For centuries, the British pound has held a nominal advantage over the US dollar. While it is something that has simply been a reality across everyone’s lifetime, it’s important to understand the reasons why the British pound is stronger than the US dollar.
We look at this, as well as the implications of this relationship between the two currencies moving forward.
The History of the British Pound and US Dollar
The British pound has been stronger than the US dollar since before modern currency markets began.
Wind back the clock more than 100 years, and the British pound was the common medium of foreign exchange. Before the World Wars, this was the currency that most other countries used as their point of reference, and as a result, it fetched a premium over them.
At one stage before World War II, the British pound was worth more than $5—simply because at this point in history, Britain was the dominant global economy.
However, following World War II, the United States began to evolve into the global superpower that it is today.
As a result, a shift occurred that saw the US dollar become the main form of foreign exchange for other countries, superseding the British pound. Today, more than 60% of FOREX holdings are in US dollars.
Understanding Nominal vs Relative Strength in Currency
This supplanting of the British pound by the US dollar has led to a steady slide in the relative strength of the British pound in the equity markets.
Beginning at a high above $5, over the past decades the British pound has slid to around $1.20 at the start of 2023. With this decline, it’s important to understand the difference between nominal and relative strength.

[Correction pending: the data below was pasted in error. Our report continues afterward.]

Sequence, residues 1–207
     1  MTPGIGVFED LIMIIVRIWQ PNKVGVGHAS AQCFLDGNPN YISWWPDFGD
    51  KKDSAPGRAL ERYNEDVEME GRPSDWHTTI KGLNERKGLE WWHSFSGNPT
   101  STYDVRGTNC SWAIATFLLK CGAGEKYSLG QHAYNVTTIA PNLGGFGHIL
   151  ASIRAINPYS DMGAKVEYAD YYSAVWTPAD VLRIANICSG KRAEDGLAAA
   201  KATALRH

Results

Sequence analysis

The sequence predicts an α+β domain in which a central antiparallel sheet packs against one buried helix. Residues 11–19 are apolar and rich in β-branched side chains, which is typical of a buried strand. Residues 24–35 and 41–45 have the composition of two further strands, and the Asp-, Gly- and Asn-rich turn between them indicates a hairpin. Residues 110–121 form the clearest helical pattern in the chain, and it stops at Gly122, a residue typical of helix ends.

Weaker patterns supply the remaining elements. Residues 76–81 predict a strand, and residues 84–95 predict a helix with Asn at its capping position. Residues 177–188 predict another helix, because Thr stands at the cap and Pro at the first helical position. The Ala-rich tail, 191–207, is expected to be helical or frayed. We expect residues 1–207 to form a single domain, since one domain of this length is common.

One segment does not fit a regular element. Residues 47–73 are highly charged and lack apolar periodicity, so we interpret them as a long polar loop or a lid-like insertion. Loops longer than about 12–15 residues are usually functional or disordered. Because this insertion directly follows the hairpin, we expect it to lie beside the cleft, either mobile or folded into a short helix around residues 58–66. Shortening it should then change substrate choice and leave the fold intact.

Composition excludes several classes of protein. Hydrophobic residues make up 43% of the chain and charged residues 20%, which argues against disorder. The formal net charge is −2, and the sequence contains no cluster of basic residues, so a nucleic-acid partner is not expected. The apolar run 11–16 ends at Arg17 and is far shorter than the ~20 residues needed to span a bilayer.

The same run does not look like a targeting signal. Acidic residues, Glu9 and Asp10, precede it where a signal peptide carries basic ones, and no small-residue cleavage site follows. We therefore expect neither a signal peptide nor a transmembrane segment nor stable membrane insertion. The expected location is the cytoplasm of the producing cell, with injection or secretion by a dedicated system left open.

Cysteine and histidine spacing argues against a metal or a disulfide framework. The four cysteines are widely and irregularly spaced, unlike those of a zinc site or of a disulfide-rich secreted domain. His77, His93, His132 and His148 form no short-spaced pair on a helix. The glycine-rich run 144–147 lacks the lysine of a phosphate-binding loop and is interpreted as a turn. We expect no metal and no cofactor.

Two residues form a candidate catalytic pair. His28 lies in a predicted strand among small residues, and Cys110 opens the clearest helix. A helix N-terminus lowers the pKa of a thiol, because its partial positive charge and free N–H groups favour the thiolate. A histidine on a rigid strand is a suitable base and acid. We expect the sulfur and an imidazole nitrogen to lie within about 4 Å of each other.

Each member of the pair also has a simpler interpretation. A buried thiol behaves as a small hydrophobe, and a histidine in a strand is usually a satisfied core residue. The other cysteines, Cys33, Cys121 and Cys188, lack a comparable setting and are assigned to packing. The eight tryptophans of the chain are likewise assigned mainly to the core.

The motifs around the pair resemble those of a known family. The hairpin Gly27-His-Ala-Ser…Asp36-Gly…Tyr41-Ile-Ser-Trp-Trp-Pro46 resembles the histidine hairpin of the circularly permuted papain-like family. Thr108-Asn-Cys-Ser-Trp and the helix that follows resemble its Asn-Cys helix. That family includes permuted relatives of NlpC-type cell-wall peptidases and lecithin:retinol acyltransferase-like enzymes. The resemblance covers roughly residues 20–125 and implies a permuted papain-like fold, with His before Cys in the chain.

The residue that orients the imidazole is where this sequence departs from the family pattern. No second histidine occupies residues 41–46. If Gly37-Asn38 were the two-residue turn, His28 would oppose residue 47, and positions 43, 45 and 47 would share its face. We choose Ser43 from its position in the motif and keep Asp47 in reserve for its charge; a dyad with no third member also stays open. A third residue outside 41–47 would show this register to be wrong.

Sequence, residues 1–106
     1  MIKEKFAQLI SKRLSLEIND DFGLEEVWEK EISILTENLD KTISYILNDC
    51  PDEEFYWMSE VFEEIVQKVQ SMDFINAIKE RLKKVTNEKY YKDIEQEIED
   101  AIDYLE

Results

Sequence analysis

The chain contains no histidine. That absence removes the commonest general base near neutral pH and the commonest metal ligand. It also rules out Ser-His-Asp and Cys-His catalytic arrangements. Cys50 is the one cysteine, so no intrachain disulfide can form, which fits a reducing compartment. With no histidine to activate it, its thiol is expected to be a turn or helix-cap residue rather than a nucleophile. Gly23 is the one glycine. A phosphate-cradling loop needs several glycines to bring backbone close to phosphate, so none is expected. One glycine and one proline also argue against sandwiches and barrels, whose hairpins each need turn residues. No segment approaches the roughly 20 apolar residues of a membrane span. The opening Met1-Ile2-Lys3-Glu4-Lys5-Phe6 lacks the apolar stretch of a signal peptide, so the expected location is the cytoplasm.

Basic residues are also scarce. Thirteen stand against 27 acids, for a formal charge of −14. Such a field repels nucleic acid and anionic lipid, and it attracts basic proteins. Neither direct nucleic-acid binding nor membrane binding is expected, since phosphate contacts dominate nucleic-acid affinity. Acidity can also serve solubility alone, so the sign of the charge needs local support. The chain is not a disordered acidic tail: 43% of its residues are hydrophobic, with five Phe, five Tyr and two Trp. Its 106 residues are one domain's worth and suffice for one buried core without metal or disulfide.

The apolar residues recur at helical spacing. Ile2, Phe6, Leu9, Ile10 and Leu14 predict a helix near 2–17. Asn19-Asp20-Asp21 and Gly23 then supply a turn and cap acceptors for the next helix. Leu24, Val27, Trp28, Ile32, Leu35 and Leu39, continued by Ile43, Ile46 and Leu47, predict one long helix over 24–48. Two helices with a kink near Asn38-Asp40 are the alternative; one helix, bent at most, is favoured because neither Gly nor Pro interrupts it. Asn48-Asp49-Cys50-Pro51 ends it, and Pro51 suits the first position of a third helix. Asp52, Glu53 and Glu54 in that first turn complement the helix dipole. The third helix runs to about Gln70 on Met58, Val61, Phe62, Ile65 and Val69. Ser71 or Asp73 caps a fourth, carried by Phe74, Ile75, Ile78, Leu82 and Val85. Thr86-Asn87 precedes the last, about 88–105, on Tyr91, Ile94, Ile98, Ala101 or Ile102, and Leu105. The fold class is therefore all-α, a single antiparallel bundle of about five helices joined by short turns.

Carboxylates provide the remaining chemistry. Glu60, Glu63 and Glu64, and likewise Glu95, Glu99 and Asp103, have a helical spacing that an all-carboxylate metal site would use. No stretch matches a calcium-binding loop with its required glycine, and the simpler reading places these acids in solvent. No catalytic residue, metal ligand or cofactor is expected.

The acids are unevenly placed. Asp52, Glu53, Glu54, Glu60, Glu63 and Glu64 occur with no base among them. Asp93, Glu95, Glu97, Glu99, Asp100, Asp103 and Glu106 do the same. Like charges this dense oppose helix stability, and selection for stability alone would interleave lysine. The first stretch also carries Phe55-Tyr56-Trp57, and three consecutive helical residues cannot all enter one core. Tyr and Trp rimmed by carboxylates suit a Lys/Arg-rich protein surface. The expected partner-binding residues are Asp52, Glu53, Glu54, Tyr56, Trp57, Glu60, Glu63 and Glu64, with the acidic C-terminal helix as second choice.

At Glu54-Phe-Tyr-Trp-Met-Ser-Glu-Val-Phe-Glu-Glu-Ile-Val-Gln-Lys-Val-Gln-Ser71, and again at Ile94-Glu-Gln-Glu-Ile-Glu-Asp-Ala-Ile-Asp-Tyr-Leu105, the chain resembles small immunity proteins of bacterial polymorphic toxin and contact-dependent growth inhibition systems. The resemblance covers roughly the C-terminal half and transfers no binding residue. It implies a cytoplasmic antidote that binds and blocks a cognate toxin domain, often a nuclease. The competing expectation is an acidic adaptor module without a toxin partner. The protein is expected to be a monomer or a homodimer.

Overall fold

While the British pound is nominally stronger than the US dollar—it commands a factor of more than one—it is not necessarily always relatively strong.
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There’s an argument to be made that the US dollar is in fact stronger than the British pound in a relative sense, given that the overarching trend over the past two decades has been a weakening of the British pound.
In fact, as a result, many punters are looking to trade the Pound against other currencies instead. One example of this is the increased popularity of the Pound to Canadian dollar market. Part of this is because it’s easy to learn how to trade GBP/CAD, and often produces a better return.
The Impact of Brexit on the Future of the Pound
Some market analysts are speculating that with the impact of Brexit and unfavorable interest rates, the Pound will soon give up its nominal advantage over the US dollar.
When Brexit occurred in 2020, the British pound dropped from within the $1.40 to $1.70 range, all the way to $1.20 overnight. The currency relationship has not recovered since then, with day traders taking advantage of swings as low as $1.10 recently.
While the British pound dropping below $1.00 would certainly be historic, it would have little impact on macroeconomics. What matters is whether or not the British Pound is also weakening against other currencies, and the US dollar strengthening.